New answers tagged cpanel
I basically agree with Simon Hayters statement that if they gained shell access - unless they had limited shell access by injection into say a php application that was using shell_exec - I personally would start thinking about restoring the system from trusted sources. But then the question becomes - if you don't learn how they got in that time - how can ...
If they are able to login via your SHELL then its pretty much game over and as mentioned by @w3d Apache log files are least of your worries. Apache writes to log files directly, no one can view those logs unless they are stored within the hosting path. If security is a major concern then you should confirm that you use the following practices: Your ...
If you have an SSH password, then your connection doesn't need the SSH key. Username/Password is enough to connect. SSH key authentication is a way of connecting to a server without having to use a password. If you only want to allow key-based login, you can try contacting your host and ask them disable password login over SSH(/SFTP).
This appears to be an asmallorange shared hosting issue in that they do not require a key for SFTP connections.
No difference in the amount of resources... Almost the same performance because when someone visits one of you sites, the server automatically files up an Apache process, this is no different when using multiple cPanel accounts. However... cPanel is highly configurable by the top tier administrators and cPanel accounts can have caps in place to stop the ...
From my basic research into the topic: Pros of enabling CloudFlare through cPanel By far the best pro is that you can often get free access to RailGun™ (if your web host supports it) which normally requires a very expensive Business or Enterprise account. It may potentially be slightly easier to setup, but using cloudflare.com is not difficult. You may ...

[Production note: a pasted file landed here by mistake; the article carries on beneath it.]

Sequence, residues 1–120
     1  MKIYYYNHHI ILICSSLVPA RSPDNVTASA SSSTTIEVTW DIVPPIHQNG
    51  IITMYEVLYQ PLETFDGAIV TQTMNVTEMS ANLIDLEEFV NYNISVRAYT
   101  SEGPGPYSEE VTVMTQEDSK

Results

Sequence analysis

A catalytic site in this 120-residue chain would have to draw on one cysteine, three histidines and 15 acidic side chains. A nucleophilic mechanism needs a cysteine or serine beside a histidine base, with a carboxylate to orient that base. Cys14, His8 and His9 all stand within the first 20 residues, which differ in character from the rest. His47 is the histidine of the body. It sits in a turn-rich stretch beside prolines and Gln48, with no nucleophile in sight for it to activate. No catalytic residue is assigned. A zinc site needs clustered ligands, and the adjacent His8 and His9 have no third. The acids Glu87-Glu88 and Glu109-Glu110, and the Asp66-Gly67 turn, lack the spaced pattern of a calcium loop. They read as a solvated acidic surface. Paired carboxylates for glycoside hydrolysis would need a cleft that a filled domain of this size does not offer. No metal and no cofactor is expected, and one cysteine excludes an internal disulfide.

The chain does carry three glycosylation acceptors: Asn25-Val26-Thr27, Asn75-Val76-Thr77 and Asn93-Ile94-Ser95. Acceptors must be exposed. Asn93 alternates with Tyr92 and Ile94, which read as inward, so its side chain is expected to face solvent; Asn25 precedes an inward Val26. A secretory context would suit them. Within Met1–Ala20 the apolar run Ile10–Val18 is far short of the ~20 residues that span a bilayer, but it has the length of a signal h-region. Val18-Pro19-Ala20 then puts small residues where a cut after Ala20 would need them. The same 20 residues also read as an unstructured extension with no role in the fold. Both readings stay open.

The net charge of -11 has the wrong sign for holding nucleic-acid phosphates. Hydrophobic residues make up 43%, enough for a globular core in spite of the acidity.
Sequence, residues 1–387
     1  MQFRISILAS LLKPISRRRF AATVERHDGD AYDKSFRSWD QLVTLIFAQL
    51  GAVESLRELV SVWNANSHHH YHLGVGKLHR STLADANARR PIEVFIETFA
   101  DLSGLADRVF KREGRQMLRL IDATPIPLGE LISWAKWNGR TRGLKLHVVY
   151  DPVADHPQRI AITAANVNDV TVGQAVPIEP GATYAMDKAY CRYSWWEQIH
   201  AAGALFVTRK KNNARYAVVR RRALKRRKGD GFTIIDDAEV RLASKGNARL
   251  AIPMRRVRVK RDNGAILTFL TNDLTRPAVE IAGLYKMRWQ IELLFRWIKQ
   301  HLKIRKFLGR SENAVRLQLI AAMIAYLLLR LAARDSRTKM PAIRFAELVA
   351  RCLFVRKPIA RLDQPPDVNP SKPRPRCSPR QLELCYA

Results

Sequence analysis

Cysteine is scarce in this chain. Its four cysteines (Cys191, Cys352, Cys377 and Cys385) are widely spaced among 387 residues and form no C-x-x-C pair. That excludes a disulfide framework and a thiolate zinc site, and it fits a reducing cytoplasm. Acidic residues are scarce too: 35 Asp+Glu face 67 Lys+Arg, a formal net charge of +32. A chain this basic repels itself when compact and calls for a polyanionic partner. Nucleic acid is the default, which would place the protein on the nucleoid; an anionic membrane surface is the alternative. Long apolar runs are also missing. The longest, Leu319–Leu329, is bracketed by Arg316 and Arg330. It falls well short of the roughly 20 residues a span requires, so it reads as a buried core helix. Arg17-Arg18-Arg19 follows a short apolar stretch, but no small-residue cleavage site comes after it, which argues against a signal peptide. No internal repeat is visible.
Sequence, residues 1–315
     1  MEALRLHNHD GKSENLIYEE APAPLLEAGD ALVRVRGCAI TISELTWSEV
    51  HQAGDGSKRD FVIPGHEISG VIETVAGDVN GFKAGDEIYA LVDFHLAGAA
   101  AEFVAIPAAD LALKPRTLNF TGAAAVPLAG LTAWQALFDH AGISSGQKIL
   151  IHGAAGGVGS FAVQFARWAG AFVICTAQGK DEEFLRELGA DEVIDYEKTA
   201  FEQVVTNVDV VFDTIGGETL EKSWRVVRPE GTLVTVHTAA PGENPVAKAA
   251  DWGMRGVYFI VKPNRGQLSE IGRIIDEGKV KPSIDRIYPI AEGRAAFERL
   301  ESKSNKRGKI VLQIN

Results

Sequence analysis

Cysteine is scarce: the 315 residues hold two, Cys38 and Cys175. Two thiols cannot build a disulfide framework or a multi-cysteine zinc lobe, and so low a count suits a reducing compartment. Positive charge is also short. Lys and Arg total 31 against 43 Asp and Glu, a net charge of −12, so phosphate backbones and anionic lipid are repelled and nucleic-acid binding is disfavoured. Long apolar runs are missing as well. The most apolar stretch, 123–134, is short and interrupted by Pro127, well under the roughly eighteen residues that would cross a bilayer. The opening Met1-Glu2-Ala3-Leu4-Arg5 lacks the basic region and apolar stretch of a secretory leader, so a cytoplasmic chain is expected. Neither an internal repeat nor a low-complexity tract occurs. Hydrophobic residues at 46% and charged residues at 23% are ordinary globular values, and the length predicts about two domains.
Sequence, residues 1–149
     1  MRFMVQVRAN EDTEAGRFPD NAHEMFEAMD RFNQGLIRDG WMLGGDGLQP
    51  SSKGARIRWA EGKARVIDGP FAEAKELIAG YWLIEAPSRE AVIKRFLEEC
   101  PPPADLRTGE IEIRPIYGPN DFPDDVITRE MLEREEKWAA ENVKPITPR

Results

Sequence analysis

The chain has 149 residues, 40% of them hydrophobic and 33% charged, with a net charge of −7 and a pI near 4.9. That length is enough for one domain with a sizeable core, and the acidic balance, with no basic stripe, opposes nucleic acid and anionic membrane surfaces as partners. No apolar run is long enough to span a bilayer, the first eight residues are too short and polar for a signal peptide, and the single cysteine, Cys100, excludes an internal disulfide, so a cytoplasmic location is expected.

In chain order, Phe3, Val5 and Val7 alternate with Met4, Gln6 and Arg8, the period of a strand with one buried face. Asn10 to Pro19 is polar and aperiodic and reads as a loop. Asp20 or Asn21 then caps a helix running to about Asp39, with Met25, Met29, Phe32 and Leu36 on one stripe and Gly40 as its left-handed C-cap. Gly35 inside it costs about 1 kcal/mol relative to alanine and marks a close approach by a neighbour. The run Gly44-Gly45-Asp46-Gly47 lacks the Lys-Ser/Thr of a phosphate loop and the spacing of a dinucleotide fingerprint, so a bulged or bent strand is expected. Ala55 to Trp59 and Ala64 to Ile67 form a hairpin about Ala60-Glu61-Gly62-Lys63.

You could set your cPanel username as the same as your domain name, but people may not know that this is what you're doing if you do that unless you tell them specifically that's what you're doing. If people know what your username is, you've just made half of the guessing work done for possible hackers. It's quite common that the username will be the ...
Of course. If you do so, you'll make hacking process easier.
Your installation is ok as per your given directory path, To secure WordPress site/blog, you should follow these steps : Make sure you are using latest WordPress version, update it time by time when new version is available. Check plugin details, no. of downloads, rating etc before you use any plugin. Also always use latest version of all plugins. If you ...
I run a dedicated server with cpanel and the web server that it integrates with is apache and I assume you're account is in a similar setup. What you want to do immediately is use whatever patience you have to periodically check the server logs, and look for entries of systems trying to access URL's that return a 404 error code. Then search for the files ...
I have had the same behavior: it was caused by the hoster's server (auto)-backup settings. Contact your hoster and say, you want purge account's data completely, so the folder structure will not come back, after you manually delete it. And, in addition, check how are your own backup settings in cpanel.
Top 50 recent answers are included